There are other examples related to jobs and family and different things that people want to do in their life, and also this is all centered around reasonableness and whether or not a judge is going to give you a break and go against the prosecutors., And even sometimes prosecutors can be convinced to terminate the probation early if you have a strong enough argument.
What Happens at the end of Probation
After probation is over, if you've completed everything you're supposed to, then you're no longer on probation, and you don't have to worry about any probation violation.
If, on the other hand, the probation is coming to an end and you haven't finished what you're supposed to do, or you violate in some way, then the judge can punish you and give you more things to do, put you in jail and even extend your probation, so you want to do everything you can to complete what the judge ordered you to do.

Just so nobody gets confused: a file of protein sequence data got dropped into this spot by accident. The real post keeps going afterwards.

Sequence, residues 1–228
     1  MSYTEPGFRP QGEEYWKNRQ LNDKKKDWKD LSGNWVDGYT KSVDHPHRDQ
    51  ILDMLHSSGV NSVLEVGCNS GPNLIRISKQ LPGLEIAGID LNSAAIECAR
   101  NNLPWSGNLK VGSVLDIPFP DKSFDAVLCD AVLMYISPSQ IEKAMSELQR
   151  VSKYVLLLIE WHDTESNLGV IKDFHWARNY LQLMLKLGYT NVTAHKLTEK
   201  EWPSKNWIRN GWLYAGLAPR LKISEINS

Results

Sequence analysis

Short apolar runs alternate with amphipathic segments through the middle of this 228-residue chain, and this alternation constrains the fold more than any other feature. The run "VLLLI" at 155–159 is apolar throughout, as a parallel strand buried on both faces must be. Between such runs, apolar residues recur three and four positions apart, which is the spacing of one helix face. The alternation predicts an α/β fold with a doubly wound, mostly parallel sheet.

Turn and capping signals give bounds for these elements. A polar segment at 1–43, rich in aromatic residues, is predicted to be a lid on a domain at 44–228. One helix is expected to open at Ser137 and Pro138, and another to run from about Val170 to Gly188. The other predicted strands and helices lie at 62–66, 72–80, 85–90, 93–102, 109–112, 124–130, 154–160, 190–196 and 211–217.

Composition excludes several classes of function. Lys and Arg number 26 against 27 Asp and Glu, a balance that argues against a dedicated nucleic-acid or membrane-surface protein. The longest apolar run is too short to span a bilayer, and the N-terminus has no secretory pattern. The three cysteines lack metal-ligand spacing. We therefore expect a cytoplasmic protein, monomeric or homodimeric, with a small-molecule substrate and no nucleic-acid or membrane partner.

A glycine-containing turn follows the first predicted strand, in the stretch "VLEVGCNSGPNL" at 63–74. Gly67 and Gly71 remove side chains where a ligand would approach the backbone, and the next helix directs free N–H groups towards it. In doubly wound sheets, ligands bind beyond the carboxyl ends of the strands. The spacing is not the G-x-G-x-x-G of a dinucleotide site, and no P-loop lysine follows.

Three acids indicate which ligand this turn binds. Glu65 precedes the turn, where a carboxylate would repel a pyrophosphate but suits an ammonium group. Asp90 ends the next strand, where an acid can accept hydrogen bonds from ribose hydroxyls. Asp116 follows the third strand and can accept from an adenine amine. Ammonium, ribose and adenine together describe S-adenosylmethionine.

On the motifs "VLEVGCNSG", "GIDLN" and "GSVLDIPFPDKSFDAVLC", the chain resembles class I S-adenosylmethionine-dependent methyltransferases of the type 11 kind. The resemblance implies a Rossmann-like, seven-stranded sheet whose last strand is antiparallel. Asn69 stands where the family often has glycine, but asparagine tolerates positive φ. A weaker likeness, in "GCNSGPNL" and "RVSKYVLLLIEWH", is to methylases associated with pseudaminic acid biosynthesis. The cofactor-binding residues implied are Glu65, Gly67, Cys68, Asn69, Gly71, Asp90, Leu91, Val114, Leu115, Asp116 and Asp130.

After the probation is over, if you've done everything you're supposed to, your attorney can file a motion for expungement, which has the effect if it's granted of dismissing your case.
As I write this blog, there's no such thing as a true expungement in California, so you can't completely get your conviction wiped off, but you can make it look to the public as though your case was dismissed, again, which is the best you can do. So as long as you've fulfilled the terms and conditions of your probation, you have a strong argument that you can get your case dismissed.
When you have problems as if you have an internal or external violation of your probation, this can cause you a big trouble in a DUI case. Internal breaches typically do not do something the judge ordered you to do.
External violations typically have to do with you picking up a new case outside of your case, the judge finding out about it, and getting you to that obey all laws, terms, and conditions of your probation, and then trying to add some extra punishment on you. If you've got some DUI issues, you've got to get an attorney that's been down this road before, had success and can help you get out of the system as fast as possible.